Simply put, the climbers that would have otherwise never been. The people who only get to view rock climbing from the magazines they read at their university wall.

It took me awhile to realize it too, but Fargo isn't the only city in North Dakota. Unfortunate climbers in places like Bismark, Williston, and Minot now find themselves only two hours away from solid weekend/day trip climbing potential. Heck, Dickinson is close enough to almost all the areas that they could warrant post-work cragging sessions!

How did you even discover these cliffs?

I call it internet exploring. It's a 3 step process: 

  1. Spend hours and hours and hours neglecting my loving girlfriend in favor of pouring over and cross referencing various satellite maps.
  2. Make a map connecting all the pins that are most likely to yield good discoveries.
  3. Waste hours and hours and hours driving through backcountry roads just to find diddly squat 95% of the time.
Dakota Walz sinks a cam on Gift of Life at Square Butte. Photo: Matthew Eckelberg

Dakota Walz sinks a cam on Gift of Life at Square Butte. Photo: Matthew Eckelberg

Were there signs that anyone had climbed in any of these spots before? Have you been able to locate the history of any routes?

Yes. There was actually a mysterious sport route put up at Sentinel Butte years ago. I've tried multiple avenues to contact the folks who put it up, but have never heard anything back. Rock N Road makes mention of some granite boulders outside of Bismark, but in the beta goes on to say it was just a rumor. 

What’s the development process been like? Any major hurdles? I've heard the wind can be gnarly.

Development is almost always type two fun. One trip in particular I forgot to bring my safety glasses, so I ended up spending the entire trip blinded by sand and lichen as the wind had its way with the rest of my dignity.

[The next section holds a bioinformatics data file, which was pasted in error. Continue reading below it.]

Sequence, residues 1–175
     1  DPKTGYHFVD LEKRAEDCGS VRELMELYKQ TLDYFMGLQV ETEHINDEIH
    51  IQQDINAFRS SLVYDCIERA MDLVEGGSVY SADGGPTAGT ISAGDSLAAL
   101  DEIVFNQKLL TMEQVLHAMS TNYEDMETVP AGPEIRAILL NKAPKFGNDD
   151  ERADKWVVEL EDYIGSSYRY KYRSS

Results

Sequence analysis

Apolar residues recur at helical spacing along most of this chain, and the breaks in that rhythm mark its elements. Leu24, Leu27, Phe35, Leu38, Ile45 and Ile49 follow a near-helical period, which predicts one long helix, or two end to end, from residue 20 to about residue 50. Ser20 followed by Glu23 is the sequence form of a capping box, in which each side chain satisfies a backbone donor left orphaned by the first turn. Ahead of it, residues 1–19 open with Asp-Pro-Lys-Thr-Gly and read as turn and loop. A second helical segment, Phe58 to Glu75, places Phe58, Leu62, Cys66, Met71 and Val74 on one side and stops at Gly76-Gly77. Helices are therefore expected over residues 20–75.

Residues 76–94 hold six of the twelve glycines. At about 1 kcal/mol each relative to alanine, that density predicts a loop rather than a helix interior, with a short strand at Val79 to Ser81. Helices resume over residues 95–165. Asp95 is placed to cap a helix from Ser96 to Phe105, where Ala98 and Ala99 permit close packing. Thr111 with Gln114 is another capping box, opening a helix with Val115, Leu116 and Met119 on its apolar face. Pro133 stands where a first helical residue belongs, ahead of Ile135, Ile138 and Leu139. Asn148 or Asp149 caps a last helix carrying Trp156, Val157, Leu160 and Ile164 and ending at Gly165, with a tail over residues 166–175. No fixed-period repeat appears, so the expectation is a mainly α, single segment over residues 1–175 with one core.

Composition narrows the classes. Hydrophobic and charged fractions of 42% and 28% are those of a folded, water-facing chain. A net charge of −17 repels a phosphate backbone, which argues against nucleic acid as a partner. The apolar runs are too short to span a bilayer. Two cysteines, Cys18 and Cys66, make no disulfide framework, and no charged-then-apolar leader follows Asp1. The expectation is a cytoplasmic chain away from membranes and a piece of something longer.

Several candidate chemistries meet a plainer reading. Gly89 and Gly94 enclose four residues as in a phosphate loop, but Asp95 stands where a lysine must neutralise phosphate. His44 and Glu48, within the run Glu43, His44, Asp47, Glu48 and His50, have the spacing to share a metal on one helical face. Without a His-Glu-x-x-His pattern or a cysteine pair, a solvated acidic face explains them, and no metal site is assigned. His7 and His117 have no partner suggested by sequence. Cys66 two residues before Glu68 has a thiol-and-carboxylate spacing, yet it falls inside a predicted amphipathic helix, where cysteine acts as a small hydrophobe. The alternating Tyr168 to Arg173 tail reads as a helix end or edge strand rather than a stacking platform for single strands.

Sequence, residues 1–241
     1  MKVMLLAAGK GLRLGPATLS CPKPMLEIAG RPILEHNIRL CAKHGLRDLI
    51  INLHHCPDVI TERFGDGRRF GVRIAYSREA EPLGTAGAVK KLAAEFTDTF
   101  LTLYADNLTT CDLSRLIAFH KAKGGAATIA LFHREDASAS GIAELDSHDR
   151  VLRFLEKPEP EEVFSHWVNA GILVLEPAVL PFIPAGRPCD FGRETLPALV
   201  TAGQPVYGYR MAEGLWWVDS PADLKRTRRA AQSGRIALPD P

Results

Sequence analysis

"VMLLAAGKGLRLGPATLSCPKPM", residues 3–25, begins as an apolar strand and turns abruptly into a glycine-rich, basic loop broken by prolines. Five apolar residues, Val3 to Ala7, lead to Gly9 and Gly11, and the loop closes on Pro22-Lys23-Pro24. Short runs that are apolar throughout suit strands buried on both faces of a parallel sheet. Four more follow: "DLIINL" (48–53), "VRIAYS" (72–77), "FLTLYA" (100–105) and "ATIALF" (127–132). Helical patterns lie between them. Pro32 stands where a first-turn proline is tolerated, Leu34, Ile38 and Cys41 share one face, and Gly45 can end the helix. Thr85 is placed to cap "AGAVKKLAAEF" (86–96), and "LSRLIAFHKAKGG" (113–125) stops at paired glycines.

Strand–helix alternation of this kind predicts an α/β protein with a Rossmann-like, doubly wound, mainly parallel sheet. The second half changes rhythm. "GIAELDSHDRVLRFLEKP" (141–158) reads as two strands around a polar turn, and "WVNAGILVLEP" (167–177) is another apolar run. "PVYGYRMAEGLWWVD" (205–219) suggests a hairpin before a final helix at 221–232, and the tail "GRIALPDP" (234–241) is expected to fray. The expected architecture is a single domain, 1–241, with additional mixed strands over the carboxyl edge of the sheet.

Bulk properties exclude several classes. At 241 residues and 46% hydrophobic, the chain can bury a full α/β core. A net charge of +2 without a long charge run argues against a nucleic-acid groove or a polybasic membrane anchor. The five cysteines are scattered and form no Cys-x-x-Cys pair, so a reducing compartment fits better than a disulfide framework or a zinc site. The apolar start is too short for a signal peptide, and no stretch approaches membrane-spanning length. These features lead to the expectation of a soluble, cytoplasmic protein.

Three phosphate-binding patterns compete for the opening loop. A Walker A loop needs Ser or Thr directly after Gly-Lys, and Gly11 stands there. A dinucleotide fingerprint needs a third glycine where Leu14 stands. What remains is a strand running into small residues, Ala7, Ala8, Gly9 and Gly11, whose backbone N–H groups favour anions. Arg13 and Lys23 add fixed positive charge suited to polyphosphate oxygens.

What’s the future of ND climbing? Is there more potential?

As a developer in the midwest, the search is almost always bleak, but never over. I'm sure that as soon as we get this book published another stacked crag will suddenly sprout up on the plains. 

Square Butte below the Milky Way. Photo: Jonathan Trites

Square Butte below the Milky Way. Photo: Jonathan Trites

What does the kickstarter help you accomplish?

The kickstarter is essentially a boost to show the North Dakota Department of Tourism that we're serious about our project and their investment in us. With a grant they've awarded us, we're able to double every dollar donated to the project up to a $2,500. That money is going help support the development of these areas, publishing costs of the guidebook, and will support the newly founded North Dakota Climbers Coalition. 

Tell our readers why they should climb in North Dakota.

I can't tell someone to fly from California or Kentucky or Colorado to come climb NoDak. I can however tell the starved climbers of the northern plains that an oasis is rising and that we can't wait to share it with them.

To support North Dakota climbing development and preorder the guidebook, check out the North Dakota Climber's Coalition Kickstarter.